|Publication number||US5018393 A|
|Application number||US 07/457,239|
|Publication date||May 28, 1991|
|Filing date||Dec 27, 1989|
|Priority date||Feb 21, 1989|
|Also published as||DE3905251A1, DE3905251C2|
|Publication number||07457239, 457239, US 5018393 A, US 5018393A, US-A-5018393, US5018393 A, US5018393A|
|Original Assignee||Ina Walzlageer Schaeffler Kg|
|Export Citation||BiBTeX, EndNote, RefMan|
|Patent Citations (5), Non-Patent Citations (2), Referenced by (8), Classifications (7), Legal Events (5)|
|External Links: USPTO, USPTO Assignment, Espacenet|
Devices for determining the torque transmitted in a shaft, which device comprises two pick-ups arranged at an axial distance from each other on the shaft, in particular disk-shaped pick-ups, with which sensors are contactlessly associated are known. Torques transmitted by a shaft cause a torsion of the shaft and the degree of torsion in a particular part of this shaft depends on the length of this part of the shaft, the transmitted torque, the modulus of elasticity in shear of the shaft material and the polar moment of inertia of the shaft in the part concerned. Therefore, if the other factors of influence are known, it is possible to deduce the value of the torque from the degree of torsion.
DE-PS 2,951,148 describes a device of the aforesaid kind in which two induction disks are fixed at a shaft at a given axial distance from each other. When torque is transmitted, an angular displacement of the one induction disk with respect to the other occurs in this axial length as a result of torsion. With these induction disks which act as pick-ups, coils functioning as sensors are contactlessly associated and parts of the induction disks overlap one another and the area of mutual overlap changes with an increase of the angle of torsion between the two disks. The relative torsion of the two disks can be determined by measuring the changes in the impedance of the coils caused by eddy currents induced in the disks. This angle of torsion determines the value of the torque transmitted in the given length.
The known device has the disadvantage that the two induction disks have to be arranged directly next to each other. Therefore one of the disks is fixed to one end of an additional tube which surrounds the length of the shaft under investigation and which, with its other end is fixed at the shaft. In this embodiment, the inner diameter of the tube corresponds to the outer diameter of the shaft with the result that the length of the shaft under investigation has to have a smaller diameter which, however, has to be so large that the desired maximum torque can be transmitted. As a result of this, the regions of the shaft adjacent to this measuring length are overdimensioned. Since the shaft, for example in a gear box, can be bent by additional forces, the danger exists in this embodiment that the measuring results are falsified as a result of the deflection of the shaft.
It is an object of the invention to provide an improved device of the aforesaid kind so that the danger of falsification of the measured values by deflections of the shaft is avoided.
This and other objects and advantages of the invention will become obvious from the following detailed description.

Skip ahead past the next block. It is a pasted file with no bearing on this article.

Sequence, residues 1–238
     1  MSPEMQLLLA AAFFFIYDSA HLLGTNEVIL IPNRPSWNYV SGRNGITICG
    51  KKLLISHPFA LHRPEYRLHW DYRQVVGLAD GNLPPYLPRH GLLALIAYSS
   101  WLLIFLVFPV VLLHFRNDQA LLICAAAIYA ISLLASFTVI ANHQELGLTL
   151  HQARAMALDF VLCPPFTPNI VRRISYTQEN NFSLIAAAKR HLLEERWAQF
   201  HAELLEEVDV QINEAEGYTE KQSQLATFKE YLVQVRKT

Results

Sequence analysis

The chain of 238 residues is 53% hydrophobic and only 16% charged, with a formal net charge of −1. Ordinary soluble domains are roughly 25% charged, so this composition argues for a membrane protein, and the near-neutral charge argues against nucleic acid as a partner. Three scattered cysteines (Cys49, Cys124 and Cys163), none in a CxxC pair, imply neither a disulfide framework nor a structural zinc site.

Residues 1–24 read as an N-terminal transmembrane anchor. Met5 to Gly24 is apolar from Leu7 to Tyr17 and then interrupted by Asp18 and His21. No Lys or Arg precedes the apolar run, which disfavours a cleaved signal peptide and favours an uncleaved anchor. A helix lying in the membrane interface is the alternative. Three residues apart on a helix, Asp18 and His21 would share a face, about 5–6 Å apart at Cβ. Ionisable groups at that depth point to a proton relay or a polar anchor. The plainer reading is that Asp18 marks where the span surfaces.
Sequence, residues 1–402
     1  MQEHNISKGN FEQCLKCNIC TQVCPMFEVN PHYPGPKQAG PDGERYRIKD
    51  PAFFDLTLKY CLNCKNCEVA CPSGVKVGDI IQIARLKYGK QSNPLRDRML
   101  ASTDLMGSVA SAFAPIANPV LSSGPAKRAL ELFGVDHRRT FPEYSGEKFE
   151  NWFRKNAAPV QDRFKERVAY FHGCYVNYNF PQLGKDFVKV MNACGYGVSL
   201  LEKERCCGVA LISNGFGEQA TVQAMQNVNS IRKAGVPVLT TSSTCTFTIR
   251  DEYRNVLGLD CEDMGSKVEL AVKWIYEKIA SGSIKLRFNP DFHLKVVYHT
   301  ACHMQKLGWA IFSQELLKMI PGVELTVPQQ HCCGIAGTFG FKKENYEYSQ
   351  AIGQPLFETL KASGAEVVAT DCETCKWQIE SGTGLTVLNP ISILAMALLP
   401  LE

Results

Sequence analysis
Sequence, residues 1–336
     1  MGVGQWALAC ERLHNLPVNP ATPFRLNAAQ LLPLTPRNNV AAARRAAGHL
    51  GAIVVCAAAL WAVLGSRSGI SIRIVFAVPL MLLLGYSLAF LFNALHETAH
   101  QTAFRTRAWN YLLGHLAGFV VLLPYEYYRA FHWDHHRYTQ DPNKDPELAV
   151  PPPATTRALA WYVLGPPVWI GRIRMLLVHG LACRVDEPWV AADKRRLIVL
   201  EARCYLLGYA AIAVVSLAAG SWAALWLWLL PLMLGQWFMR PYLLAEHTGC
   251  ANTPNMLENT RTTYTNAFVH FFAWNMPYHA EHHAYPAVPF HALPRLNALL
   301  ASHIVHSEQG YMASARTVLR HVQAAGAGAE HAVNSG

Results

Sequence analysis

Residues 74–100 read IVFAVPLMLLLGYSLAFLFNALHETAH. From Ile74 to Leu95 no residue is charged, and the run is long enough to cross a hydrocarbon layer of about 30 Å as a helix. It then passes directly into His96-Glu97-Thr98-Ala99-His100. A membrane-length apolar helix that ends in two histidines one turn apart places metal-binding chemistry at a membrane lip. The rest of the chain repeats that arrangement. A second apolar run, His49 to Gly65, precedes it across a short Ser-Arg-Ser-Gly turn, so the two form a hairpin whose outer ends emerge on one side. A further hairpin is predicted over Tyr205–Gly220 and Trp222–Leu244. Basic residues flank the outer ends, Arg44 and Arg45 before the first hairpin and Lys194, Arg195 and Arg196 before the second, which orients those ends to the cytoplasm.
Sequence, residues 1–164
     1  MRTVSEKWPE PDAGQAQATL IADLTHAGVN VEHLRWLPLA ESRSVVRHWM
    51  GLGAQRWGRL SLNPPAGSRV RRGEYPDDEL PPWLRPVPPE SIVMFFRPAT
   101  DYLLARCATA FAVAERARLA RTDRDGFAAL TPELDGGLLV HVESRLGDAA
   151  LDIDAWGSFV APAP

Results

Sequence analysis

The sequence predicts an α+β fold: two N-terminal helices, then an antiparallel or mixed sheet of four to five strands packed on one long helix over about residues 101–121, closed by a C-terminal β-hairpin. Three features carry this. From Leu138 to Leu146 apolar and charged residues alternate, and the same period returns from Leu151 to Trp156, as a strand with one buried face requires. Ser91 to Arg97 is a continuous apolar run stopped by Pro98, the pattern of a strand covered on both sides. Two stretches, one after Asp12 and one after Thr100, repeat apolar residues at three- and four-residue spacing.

The novel device of the invention for determining the torque transmitted in a shaft, which device comprises two pick-ups arranged at an axial distance from each other on the shaft, with which sensors are contactlessly associated, characterized in that each pick-up is arranged in the immediate vicinity of an end face of a radial shaft bearing. This means that no influences on the measuring equipment as a result of deflection can occur at this location. The two pick-ups can be arranged at two shaft bearings situated at a distance from each other so that for determining the torque, a larger numerical value of the distance between the pick-ups is obtained. However it is also possible to arrange the two pick-ups at the two end faces of one shaft bearing.
The sensors can be fixed to the shaft bearing and by this, additional mounting of the sensors can be done without. Preferably, the shaft bearing forms a single structural unit with the sensors and the pick-ups so that the measuring equipment can be mounted on the shaft at the same time as the shaft bearing and supplementary mounting of the equipment is not required. Such a pre-fabricated structural unit has the advantage that it can be manufactured and sold as a series part.
If the shaft bearing is in the form of a rolling bearing, it is appropriate to fix the sensors at the outer bearing ring which is stationary with respect to the rotating shaft. In one embodiment of the invention, the pick-ups can be in the form of magnetic rings arranged coaxially with the shaft, each one being held in a carrier ring fixed at the shaft so that the mounting of the bearing at the shaft is done through the carrier rings. As parts of the bearing, the carrier rings can be disposed within the outer bearing ring and can have extensions angled outwards, in the regions of their bores. Due to these extensions, the length of the shaft under investigation is increased if the points of fixing of the carrier rings are located at the angled extensions.
One possibility of fixing the two carrier rings is to press them with the angled regions of their bores onto the shaft. The carrier rings are preferably located within the bearing race rims which are adjacent to the outer bearing ring. The sensors can be in the form of rod-shaped Hall emitters, each one being fixed with one end in bores of the bearing race rims, the bores being parallel to the axis, and the other end extending into an annular gap of the pick-ups formed by two coaxial magnetic rings. By this, the regions of measurement are occluded against the exterior and are thus protected. Instead of these Hall emitters, other pulse emitters can also be employed. To achieve a higher pulse sequence of measuring signals at each sensor/pick-up combination per time unit, several sensors spaced behind one another in the peripheral direction of the shaft bearing can be associated with each pick-up.